For some reason, astonishing athleticism combined with the high possibility of injury is perpetually entertaining. iD, the newest creation from Cirque Eloize (the official opening stage production at the new Marlowe Theatre) is a superb example of what a modern circus can be.
Built around the various skills of a 14-strong troupe, the production initially borrows plot points from Romeo and Juliet, but as the show progresses the storyline is muddied and swiftly becomes a collection of disconnected set-pieces.
Each set-piece focuses on a new discipline, so nothing gets old and the different performers are each given the chance to shine. While one scene is centred around juggling, another sees a mountain-biker chasing other performers across the stage and around the auditorium; contortionism follows a master class in bounce-juggling while fans of street dance are also well catered for.
Most of these scenes work fantastically well, and only on rare occasions do they flat – one sequence involving skipping ropes seemed doomed to fail from the very beginning, more because of the unpredictable behaviour of ropes being thrown around than any failing on the part of the performers.
The cast are individually mesmerising and ,if you are the type of theatregoer who tends to pick a favourite performer to focus on, you will struggle during iD, as each person has their own flair. It's not often that you see trial biking, aerial skills, the Chinese pole and inline skating mashed together in the same performance.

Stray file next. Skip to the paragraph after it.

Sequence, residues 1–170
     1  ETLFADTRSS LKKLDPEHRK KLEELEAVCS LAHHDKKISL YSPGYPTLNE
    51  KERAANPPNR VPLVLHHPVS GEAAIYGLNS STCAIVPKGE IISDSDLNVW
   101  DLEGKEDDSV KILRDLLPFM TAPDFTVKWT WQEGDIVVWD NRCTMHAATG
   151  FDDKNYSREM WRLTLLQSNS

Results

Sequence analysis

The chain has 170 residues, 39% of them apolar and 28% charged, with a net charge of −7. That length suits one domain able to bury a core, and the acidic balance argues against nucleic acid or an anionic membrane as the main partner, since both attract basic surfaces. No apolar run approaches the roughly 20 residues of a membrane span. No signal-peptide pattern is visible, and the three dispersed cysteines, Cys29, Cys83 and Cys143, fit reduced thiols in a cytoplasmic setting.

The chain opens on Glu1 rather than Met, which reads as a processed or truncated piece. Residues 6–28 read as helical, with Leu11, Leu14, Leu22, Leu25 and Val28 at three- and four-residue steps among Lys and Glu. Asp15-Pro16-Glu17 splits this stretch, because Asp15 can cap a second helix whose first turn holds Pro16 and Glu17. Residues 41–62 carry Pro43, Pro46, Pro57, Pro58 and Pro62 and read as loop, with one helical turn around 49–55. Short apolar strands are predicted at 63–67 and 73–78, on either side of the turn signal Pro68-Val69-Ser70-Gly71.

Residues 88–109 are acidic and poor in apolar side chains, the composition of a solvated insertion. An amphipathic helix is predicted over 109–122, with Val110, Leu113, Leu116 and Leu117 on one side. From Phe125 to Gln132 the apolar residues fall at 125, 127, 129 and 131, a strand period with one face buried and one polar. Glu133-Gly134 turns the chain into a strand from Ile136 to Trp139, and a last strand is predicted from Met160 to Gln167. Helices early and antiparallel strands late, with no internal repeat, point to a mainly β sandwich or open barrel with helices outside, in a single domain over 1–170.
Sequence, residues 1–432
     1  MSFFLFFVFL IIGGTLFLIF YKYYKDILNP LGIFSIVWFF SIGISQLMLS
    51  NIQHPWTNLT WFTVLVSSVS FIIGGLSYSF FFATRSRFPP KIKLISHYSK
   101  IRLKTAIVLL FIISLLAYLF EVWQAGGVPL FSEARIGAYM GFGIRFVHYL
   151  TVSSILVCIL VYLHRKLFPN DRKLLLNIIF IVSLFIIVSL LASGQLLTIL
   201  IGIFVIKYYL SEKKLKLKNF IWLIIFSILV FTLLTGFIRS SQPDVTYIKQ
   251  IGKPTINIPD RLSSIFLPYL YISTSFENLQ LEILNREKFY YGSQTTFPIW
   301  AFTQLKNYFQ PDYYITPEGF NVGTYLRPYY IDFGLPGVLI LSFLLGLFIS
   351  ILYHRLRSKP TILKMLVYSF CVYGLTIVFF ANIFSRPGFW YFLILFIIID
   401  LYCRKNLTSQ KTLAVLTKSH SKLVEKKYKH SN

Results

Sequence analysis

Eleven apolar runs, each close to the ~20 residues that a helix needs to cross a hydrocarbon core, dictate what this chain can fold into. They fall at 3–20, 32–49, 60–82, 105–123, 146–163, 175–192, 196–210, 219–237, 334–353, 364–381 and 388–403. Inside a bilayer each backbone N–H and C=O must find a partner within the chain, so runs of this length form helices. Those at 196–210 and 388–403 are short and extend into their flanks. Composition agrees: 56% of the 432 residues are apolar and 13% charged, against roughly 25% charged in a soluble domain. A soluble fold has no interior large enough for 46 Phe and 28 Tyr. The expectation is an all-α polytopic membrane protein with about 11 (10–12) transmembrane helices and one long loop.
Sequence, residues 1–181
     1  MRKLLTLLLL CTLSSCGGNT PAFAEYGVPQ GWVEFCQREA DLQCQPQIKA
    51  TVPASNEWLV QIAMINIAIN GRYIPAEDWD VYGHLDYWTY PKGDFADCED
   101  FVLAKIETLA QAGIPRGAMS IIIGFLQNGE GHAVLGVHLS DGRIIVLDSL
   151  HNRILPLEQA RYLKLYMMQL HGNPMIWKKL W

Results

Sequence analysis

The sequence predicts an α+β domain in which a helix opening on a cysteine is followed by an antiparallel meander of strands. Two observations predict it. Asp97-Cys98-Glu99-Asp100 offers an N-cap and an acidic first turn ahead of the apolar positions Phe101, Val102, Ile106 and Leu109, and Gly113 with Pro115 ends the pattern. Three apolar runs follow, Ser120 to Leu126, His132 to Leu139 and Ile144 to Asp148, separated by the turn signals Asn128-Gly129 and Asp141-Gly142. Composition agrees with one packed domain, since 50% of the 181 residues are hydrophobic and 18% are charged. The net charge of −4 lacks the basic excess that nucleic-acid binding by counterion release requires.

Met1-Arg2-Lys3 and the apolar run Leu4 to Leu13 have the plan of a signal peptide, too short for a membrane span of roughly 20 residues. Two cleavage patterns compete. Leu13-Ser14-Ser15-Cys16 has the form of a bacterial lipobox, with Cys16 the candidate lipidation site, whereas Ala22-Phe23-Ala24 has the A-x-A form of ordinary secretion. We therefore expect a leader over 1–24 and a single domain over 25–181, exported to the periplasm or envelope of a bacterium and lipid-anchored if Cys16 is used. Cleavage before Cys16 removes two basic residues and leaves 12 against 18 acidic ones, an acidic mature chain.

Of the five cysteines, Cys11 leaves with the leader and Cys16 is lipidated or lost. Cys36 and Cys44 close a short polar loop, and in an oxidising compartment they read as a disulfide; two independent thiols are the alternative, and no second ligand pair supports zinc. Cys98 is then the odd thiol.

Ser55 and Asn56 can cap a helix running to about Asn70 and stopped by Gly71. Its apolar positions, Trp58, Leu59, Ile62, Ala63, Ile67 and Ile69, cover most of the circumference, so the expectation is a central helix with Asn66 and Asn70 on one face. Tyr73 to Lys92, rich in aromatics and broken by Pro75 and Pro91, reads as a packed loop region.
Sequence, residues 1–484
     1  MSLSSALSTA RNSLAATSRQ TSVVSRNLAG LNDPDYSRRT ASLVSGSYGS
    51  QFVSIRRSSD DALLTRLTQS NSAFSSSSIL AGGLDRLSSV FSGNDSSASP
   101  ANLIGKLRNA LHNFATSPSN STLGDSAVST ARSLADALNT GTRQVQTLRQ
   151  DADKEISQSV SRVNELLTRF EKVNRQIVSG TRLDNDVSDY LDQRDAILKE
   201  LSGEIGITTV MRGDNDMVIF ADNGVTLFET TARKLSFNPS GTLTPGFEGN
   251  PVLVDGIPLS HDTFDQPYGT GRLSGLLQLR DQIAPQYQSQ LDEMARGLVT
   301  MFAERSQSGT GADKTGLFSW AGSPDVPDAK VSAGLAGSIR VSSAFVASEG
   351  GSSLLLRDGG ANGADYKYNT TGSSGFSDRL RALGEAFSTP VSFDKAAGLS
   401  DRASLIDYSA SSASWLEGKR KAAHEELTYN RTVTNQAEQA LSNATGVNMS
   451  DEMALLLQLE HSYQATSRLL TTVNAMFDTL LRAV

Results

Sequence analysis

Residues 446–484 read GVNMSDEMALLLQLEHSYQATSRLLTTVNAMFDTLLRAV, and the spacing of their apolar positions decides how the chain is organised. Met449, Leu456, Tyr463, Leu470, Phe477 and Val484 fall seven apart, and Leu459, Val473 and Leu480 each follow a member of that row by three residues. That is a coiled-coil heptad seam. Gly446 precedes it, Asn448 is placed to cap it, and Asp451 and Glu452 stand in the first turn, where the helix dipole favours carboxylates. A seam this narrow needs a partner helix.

But if the skills onstage are a combination of the new and the traditional, then the production values are resolutely modern. The soundtrack is a mixture of sweeping strings, electronica, Gallic hip hop and rock, while the background conjures up a digital urban landscape filled with graffiti, blinking streetlights and crumbling tower blocks.
The clever set houses a multitude of hidden holes and platforms that allow the performers to interact with their surroundings in a way not usually seen in circus shows. This is put to best use during an exhilarating trampoline sequence where various members of the troupe bounce high into the lighting rig, almost colliding, disappearing into tiny gaps in the set and then reappearing from somewhere else entirely.
Accompanied by thumping music more akin to a club than a circus, and with mind-bending visuals projected across the stage, it's an artistic adrenaline shot you'll struggle to find elsewhere and is a perfect summation of what Cirque Eloize is all about.